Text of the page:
Q: At our company, we don’t have an issue with validating production software or firmware, but we do make improvements to software and firmware on the production floor.
Do you have any insight as to when and if FDA expects prior approval when we make these changes?
A: If you make improvements to production software or firmware, then you are making a change to a validated system.
So you need to have a change management/maintenance procedure that requires you to assess the change against your existing system and software requirements. In addition, you need to assess the change against your existing risk assessments.
“Your procedure should require you to perform any necessary installations, operational checks, and performance evaluations.”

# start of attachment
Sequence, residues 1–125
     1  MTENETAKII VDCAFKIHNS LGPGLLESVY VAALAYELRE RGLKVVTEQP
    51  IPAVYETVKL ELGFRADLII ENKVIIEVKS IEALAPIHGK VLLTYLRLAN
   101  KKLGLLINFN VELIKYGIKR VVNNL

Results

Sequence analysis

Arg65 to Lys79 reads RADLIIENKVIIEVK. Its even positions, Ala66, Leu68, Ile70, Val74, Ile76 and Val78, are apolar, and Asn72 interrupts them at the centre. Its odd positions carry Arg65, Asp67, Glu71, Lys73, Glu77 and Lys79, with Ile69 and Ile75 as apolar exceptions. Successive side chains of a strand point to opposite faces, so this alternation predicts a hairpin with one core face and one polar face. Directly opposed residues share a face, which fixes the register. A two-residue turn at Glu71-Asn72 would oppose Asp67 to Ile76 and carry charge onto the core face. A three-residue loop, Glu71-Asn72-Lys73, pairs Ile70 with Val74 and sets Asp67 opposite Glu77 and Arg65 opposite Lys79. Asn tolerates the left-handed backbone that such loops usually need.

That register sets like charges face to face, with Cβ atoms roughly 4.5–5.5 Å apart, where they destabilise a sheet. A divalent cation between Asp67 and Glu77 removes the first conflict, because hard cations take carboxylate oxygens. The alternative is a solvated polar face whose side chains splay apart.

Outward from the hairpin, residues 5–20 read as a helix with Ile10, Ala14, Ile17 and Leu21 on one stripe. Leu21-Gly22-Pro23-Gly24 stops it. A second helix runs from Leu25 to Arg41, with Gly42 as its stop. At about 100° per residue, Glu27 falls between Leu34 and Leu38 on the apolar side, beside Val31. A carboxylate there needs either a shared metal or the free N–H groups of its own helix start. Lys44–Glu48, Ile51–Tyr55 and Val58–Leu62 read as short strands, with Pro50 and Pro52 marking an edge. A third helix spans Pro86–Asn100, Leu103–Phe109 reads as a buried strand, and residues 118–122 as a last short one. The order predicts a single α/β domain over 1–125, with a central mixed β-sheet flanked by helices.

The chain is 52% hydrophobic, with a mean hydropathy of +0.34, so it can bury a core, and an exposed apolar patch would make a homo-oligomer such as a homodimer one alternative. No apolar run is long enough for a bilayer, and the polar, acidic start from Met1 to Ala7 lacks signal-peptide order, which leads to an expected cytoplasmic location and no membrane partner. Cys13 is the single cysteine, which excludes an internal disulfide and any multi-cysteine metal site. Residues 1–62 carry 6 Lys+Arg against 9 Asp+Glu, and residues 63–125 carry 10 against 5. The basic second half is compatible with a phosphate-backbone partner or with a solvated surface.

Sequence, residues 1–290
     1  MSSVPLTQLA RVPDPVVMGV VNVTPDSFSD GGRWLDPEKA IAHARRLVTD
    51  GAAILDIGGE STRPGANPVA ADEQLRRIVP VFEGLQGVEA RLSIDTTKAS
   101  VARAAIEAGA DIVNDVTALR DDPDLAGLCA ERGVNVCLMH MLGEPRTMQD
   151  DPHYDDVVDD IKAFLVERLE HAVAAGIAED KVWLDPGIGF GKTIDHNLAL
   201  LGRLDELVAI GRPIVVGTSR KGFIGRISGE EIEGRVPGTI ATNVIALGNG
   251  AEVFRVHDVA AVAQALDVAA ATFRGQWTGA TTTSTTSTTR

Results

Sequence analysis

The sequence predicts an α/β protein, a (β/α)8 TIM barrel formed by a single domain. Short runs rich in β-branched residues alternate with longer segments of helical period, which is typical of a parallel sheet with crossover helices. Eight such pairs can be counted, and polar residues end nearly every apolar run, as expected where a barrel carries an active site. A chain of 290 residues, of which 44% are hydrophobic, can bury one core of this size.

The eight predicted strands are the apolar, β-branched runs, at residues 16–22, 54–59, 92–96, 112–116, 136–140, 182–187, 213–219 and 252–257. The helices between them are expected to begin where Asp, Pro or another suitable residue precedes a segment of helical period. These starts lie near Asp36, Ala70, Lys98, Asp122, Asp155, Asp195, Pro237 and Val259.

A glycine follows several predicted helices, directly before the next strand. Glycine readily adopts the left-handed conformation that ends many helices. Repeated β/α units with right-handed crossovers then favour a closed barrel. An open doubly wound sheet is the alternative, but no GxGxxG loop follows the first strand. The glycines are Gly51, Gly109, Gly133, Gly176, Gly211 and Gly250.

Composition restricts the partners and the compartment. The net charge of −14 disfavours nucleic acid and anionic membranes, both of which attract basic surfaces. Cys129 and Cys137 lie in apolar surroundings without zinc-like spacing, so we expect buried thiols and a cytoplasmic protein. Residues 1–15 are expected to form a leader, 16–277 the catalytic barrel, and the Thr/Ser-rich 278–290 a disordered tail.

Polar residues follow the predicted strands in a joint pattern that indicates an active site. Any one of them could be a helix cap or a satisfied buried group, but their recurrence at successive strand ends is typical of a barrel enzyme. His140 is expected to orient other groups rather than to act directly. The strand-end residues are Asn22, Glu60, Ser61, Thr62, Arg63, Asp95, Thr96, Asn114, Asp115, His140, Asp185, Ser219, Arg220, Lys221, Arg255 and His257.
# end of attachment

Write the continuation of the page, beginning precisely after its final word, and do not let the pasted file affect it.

Your procedure should require you to perform any necessary installations, operational checks, and performance evaluations.
These actions are necessary to ensure the changed system will continue to conform to your requirements and perform as intended and as needed by your users.
This approach is what FDA normally describes as “re-validation” after a change has been made.
We prefer to think of it as performing the necessary tests and evaluations to demonstrate that you have maintained a validated state, even though you have made improvements.
Answered by the staff of EduQuest. For further information and training on software and systems validation, plan to attend EduQuest’s FDA Auditing of Computerized Systems and Part 11/Annex 11 Compliance class.